BOSTON (AP) — Bill Cosby’s wife refused to answer dozens of questions during a combative deposition in a defamation lawsuit filed by seven women who say the comedian branded them liars after they accused him of sexually assaulting them, according to a transcript released Friday.
Camille Cosby was subjected to intense questioning by the women’s lawyer, who repeatedly pressed her to say whether she believes her husband “acted with a lack of integrity” during their 52-year marriage. The lawyer also asked if her husband used his position and power “to manipulate young women.”
Camille Cosby didn’t answer those questions and many others after her lawyer cited marital privilege, the legal protection given to communications between spouses. She repeatedly said she had “no opinion” when pressed on whether she viewed her husband’s behavior as dishonest and a violation of their marriage vows.
About 50 women have publicly accused Bill Cosby of forcing unwanted sexual contact on them decades ago. Cosby has denied the allegations. He faces a criminal case in Pennsylvania, where prosecutors have charged him with sexually violating a former Temple University employee, Andrea Constand. He has pleaded not guilty.
Camille Cosby answered questions in the deposition Feb. 22 and again April 19 after her lawyers argued unsuccessfully to stop it. A judge ruled she would have to give a deposition but said she could refuse to answer questions about private communications between her and her husband.
Oklahoma governor vetoes bill criminalizing abortion
OKLAHOMA CITY (AP) — Oklahoma Gov. Mary Fallin on Friday vetoed legislation to make it a felony for doctors to perform an abortion, a measure that would have effectively outlawed the procedure in the state.
In vetoing the measure just a day after the Legislature passed it, Fallin, a Republican who opposes abortion, said it was vague and would not withstand a legal challenge.
“The bill is so ambiguous and so vague that doctors cannot be certain what medical circumstances would be considered ‘necessary to preserve the life of the mother,'” Fallin said. “While I consistently have and continue to support a re-examination of the United States Supreme Court’s decision in Roe v. Wade, this legislation cannot accomplish that re-examination.”
The bill’s sponsor, Republican Sen. Nathan Dahm, said the measure was aimed at ultimately overturning the U.S. Supreme Court’s 1973 decision that legalized abortion nationwide. Dahm said he was considering whether to try to override the governor’s veto, which would require a two-thirds majority in each chamber, a threshold it did not meet in the House when it first passed. The bill passed on a 33-12 vote in the Senate with no debate on Thursday; it passed 59-9 in the 101-member House on April 21.
“Of course I’ll consider it,” Dahm said. “I’m weighing my options.”
Group that helped sell Iran nuke deal also funded media
WASHINGTON (AP) — A group the White House recently identified as a key surrogate in selling the Iran nuclear deal gave National Public Radio $100,000 last year to help it report on the pact and related issues, according to the group’s annual report. It also funded reporters and partnerships with other news outlets.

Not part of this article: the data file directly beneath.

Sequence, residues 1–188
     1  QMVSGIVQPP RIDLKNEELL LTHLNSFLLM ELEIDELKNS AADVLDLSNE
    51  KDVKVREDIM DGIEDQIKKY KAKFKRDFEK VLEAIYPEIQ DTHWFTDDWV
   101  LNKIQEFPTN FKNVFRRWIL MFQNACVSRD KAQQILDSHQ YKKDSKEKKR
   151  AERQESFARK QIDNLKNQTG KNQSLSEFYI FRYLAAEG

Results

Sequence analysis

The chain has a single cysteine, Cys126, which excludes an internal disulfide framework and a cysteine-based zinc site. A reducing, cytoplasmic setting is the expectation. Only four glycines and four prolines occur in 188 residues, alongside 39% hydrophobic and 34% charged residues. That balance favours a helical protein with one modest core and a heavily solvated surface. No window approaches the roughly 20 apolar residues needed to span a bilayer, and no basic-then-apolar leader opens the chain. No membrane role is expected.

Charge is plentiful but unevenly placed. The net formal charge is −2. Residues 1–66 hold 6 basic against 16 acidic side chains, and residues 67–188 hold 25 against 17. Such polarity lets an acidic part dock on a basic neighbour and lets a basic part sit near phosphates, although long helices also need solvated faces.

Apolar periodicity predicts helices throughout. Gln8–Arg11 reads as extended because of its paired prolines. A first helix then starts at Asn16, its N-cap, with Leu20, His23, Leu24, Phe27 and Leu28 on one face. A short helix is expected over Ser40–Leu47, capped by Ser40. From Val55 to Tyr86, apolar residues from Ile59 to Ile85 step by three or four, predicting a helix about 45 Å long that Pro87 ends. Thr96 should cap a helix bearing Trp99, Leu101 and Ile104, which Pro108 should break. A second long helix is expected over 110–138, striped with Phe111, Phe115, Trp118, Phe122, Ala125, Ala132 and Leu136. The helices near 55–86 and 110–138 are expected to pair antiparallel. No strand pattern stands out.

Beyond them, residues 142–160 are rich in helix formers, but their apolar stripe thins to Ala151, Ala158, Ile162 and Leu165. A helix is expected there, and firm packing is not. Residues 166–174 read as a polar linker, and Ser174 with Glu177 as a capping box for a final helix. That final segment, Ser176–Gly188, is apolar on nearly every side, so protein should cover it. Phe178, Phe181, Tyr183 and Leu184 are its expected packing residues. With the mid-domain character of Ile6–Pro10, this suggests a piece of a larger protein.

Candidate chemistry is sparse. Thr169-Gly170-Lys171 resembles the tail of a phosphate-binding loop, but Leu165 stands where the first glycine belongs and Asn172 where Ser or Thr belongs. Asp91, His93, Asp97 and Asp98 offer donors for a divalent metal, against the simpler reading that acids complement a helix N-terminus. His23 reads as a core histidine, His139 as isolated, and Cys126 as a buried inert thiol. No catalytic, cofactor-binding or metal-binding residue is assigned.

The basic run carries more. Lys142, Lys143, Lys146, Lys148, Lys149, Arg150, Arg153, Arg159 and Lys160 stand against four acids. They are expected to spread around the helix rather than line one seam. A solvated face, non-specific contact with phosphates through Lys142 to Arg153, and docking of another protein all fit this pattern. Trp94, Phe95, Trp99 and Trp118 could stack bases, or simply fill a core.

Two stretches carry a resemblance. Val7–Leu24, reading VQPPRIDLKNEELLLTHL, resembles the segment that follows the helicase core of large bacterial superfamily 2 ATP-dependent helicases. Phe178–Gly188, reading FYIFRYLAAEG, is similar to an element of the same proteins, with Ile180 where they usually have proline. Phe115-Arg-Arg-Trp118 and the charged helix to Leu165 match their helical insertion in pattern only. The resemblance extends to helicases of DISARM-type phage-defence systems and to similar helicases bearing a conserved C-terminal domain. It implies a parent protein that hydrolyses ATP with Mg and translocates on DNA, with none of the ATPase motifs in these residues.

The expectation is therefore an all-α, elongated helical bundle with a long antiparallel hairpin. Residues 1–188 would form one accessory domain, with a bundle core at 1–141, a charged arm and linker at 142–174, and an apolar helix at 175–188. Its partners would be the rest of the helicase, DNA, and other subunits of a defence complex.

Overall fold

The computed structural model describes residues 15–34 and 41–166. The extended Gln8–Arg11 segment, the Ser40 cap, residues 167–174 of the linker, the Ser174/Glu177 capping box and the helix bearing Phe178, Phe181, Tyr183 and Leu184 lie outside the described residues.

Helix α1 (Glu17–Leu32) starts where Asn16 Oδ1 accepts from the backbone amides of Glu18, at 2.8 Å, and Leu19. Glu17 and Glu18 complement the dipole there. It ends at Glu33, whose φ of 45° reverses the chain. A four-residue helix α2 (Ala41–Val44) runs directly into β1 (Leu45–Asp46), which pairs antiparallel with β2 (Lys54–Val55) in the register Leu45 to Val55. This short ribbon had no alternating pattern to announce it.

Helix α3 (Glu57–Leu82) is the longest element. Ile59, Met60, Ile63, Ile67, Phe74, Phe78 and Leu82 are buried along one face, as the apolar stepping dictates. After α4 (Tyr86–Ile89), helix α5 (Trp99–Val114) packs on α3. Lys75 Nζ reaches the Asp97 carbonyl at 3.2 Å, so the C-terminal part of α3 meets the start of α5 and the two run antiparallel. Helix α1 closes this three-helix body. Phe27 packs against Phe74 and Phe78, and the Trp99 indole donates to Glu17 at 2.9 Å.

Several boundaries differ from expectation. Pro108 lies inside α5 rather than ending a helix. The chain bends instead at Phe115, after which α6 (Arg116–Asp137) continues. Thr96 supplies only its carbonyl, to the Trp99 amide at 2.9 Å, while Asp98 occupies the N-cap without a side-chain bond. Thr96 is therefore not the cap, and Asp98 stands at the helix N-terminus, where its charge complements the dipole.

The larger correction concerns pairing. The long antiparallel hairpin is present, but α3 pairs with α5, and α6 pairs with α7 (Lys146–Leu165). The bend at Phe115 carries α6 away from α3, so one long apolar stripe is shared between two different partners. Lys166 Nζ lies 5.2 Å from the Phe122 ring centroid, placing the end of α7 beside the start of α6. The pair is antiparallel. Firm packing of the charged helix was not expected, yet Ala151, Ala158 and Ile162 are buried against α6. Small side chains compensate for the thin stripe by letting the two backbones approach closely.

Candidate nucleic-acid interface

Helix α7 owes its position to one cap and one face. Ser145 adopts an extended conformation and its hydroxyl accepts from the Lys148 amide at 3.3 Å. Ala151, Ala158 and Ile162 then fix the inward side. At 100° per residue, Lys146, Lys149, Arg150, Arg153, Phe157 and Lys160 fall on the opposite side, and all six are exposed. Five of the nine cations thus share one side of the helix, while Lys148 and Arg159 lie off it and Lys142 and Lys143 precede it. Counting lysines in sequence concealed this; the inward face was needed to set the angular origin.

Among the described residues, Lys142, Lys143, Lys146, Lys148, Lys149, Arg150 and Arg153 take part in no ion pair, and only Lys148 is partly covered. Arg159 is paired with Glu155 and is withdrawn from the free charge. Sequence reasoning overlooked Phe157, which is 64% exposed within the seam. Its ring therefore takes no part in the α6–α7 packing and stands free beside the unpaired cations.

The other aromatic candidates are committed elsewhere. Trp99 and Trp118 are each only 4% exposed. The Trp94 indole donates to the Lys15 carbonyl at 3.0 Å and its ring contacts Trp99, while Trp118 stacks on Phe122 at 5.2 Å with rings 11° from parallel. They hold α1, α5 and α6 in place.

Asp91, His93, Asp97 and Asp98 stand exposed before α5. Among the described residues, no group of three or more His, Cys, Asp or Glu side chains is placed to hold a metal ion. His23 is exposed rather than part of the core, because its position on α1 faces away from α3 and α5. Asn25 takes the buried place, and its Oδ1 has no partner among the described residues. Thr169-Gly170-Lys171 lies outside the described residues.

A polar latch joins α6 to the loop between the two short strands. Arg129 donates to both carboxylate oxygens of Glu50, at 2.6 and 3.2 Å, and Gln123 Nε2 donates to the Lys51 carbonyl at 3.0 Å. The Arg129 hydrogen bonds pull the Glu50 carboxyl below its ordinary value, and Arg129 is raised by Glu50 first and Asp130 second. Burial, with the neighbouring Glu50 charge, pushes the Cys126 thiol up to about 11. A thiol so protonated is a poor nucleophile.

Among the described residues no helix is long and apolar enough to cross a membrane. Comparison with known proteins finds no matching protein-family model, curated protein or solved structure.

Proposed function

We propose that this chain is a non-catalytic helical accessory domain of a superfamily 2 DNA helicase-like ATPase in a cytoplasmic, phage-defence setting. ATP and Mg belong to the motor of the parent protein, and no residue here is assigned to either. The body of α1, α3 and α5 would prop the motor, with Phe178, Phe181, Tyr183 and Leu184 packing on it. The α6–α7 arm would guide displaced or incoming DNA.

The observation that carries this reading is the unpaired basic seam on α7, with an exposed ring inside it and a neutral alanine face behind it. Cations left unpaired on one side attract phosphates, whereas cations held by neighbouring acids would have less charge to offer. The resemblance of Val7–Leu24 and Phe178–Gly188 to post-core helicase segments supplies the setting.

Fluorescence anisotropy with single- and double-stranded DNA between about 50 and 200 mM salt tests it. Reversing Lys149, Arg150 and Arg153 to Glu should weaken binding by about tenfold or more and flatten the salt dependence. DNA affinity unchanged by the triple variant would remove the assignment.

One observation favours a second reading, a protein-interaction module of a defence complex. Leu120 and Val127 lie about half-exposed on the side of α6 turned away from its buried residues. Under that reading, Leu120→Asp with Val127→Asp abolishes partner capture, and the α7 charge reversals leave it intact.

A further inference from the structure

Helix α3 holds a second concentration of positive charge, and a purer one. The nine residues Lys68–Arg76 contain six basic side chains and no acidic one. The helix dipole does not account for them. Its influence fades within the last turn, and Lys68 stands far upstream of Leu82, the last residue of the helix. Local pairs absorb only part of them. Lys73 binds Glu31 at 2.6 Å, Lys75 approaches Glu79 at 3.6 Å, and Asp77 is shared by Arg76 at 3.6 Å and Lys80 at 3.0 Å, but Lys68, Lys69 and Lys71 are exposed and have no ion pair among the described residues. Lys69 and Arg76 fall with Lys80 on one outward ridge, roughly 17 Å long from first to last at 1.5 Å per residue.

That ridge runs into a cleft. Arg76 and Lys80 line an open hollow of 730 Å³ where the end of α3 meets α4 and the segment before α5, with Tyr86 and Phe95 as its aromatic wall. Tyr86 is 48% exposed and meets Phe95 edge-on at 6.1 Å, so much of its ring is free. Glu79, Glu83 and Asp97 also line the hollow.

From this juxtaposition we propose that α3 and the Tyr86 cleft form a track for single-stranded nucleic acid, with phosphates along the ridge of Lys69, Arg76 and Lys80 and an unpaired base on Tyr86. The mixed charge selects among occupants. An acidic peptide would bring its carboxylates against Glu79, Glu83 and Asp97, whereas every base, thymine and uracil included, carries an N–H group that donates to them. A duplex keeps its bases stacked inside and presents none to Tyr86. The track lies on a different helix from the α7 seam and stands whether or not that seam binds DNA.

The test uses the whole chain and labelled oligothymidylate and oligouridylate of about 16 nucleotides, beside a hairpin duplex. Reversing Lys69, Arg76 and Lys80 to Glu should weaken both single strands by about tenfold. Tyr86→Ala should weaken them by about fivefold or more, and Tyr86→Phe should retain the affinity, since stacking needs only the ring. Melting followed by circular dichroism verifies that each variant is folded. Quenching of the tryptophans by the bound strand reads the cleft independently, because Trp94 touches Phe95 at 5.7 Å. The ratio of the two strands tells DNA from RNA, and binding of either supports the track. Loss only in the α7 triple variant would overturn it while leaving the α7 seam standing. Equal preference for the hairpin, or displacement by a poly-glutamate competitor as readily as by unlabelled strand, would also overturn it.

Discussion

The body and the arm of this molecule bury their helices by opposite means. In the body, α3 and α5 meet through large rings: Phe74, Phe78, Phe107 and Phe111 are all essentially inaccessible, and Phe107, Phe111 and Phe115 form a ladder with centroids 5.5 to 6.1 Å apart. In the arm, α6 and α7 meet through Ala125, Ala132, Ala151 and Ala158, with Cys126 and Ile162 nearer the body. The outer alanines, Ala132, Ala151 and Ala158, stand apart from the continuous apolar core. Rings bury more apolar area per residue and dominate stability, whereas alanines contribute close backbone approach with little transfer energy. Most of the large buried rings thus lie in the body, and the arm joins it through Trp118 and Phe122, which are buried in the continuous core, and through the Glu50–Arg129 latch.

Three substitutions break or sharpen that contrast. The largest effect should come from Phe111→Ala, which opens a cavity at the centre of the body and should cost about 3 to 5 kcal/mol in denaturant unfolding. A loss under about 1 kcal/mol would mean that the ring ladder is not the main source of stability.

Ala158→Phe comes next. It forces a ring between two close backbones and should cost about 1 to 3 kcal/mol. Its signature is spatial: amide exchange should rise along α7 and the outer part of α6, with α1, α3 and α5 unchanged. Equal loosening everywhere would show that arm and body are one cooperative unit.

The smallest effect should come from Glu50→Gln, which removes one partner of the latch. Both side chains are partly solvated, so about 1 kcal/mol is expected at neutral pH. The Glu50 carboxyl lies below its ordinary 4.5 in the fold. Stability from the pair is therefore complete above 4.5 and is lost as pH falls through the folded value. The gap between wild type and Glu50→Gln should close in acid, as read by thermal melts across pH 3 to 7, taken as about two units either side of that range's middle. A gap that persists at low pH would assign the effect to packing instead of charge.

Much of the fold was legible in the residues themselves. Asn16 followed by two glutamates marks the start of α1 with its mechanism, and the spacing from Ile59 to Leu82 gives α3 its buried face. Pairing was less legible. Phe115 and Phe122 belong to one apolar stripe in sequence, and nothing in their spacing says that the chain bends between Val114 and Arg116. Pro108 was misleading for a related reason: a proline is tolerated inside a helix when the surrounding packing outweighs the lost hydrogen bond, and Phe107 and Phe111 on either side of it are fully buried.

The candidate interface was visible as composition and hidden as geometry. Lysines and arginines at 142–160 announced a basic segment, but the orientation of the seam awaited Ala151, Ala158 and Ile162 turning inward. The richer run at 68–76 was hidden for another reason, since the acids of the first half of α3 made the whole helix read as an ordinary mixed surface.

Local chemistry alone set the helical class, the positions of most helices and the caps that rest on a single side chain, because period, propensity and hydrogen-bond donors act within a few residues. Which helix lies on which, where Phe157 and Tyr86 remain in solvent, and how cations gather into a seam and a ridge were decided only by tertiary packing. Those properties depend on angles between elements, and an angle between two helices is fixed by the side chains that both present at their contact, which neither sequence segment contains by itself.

The Ploughshares Fund’s mission is to “build a safe, secure world by developing and investing in initiatives to reduce and ultimately eliminate the world’s nuclear stockpiles,” one that dovetails with President Barack Obama’s arms control efforts. But its behind-the-scenes role advocating for the Iran agreement got more attention this month after a candid profile of Ben Rhodes, one of the president’s top foreign policy aides.
In The New York Times Magazine article, Rhodes explained how the administration worked with nongovernmental organizations, proliferation experts and even friendly reporters to build support for the seven-nation accord that curtailed Iran’s nuclear activity and softened international financial penalties on Tehran.
“We created an echo chamber,” said Rhodes, a deputy national security adviser, adding that “outside groups like Ploughshares” helped carry out the administration’s message effectively.
The magazine piece revived Republican criticism of the Iran agreement as they suggested it was evidence of a White House spin machine misleading the American people. The administration accused opponents of trying to re-litigate the deal after failing to defeat it in congressional votes last year.
Alan Young, star of 1960s sitcom ‘Mr. Ed,’ dies at 96
LOS ANGELES (AP) — Actor-comedian Alan Young, who played the amiable straight man to a talking horse in the 1960s sitcom “Mister Ed,” has died, a spokeswoman for the Motion Picture and Television Home said Friday. He was 96.
The English-born, Canadian-educated Young died Thursday, according to Jaime Larkin, spokeswoman for the retirement community where Young had lived for four years. His children were with him when he died peacefully of natural causes, she said.
Young was already a well-known radio and TV comedian, having starred in his own Emmy-winning variety show, when “Mister Ed” was being readied at comedian George Burns’ production company. Burns is said to have told his staff: “Get Alan Young. He looks like the kind of guy a horse would talk to.”
Mr. Ed was a golden Palomino who spoke only to his owner, Wilbur Post, played by Young. Fans enjoyed the horse’s deep, droll voice (“WIL-bur-r-r-r-r”) and the goofy theme song lyrics (“A horse is a horse, of course, of course … “). Cowboy star Allan “Rocky” Lane supplied Mr. Ed’s voice.
An eclectic group of celebrities including Clint Eastwood, Mae West and baseball great Sandy Koufax made guest appearances on the show.
Donkeys up for adoption in Hawaii, but only in pairs
HONOLULU (AP) — When David Paul Sennett was a child, he had a stuffed donkey. But he always wanted a real one of his own.
Decades later, Sennett’s childhood dream came true when he adopted Barney, a wild donkey from Hawaii’s Big Island who was orphaned when his mother was killed by a car.
“He’s just like a big dog, he loves to eat bananas and papayas,” said Sennett. “And he’s very friendly.”
About three years later, Sennett is about to adopt another donkey, one of the remaining 50 wild donkeys on Hawaii’s Big Island. The donkeys are the last of more than 500 that were cast-offs from the early days of Hawaii coffee and agricultural plantations.
“We’re hoping to get a female that’s pregnant and then we’ll have a family,” said Sennett.